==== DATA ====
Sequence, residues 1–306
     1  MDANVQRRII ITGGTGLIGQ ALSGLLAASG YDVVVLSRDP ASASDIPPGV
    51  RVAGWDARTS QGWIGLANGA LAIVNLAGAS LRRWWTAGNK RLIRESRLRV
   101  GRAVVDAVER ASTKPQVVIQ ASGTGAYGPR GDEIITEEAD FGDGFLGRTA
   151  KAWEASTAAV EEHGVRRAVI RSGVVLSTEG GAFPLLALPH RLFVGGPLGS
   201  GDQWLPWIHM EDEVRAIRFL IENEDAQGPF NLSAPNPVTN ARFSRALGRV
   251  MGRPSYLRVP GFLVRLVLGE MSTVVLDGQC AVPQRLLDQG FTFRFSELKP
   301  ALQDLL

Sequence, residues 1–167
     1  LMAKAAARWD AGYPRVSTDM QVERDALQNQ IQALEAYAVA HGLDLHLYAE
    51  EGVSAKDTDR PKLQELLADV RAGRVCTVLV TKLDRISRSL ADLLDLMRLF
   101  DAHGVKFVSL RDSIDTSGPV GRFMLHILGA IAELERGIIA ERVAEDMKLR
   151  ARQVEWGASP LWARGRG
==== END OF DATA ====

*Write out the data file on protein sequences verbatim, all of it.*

Sequence, residues 1–306
     1  MDANVQRRII ITGGTGLIGQ ALSGLLAASG YDVVVLSRDP ASASDIPPGV
    51  RVAGWDARTS QGWIGLANGA LAIVNLAGAS LRRWWTAGNK RLIRESRLRV
   101  GRAVVDAVER ASTKPQVVIQ ASGTGAYGPR GDEIITEEAD FGDGFLGRTA
   151  KAWEASTAAV EEHGVRRAVI RSGVVLSTEG GAFPLLALPH RLFVGGPLGS
   201  GDQWLPWIHM EDEVRAIRFL IENEDAQGPF NLSAPNPVTN ARFSRALGRV
   251  MGRPSYLRVP GFLVRLVLGE MSTVVLDGQC AVPQRLLDQG FTFRFSELKP
   301  ALQDLL

Sequence, residues 1–167
     1  LMAKAAARWD AGYPRVSTDM QVERDALQNQ IQALEAYAVA HGLDLHLYAE
    51  EGVSAKDTDR PKLQELLADV RAGRVCTVLV TKLDRISRSL ADLLDLMRLF
   101  DAHGVKFVSL RDSIDTSGPV GRFMLHILGA IAELERGIIA ERVAEDMKLR
   151  ARQVEWGASP LWARGRG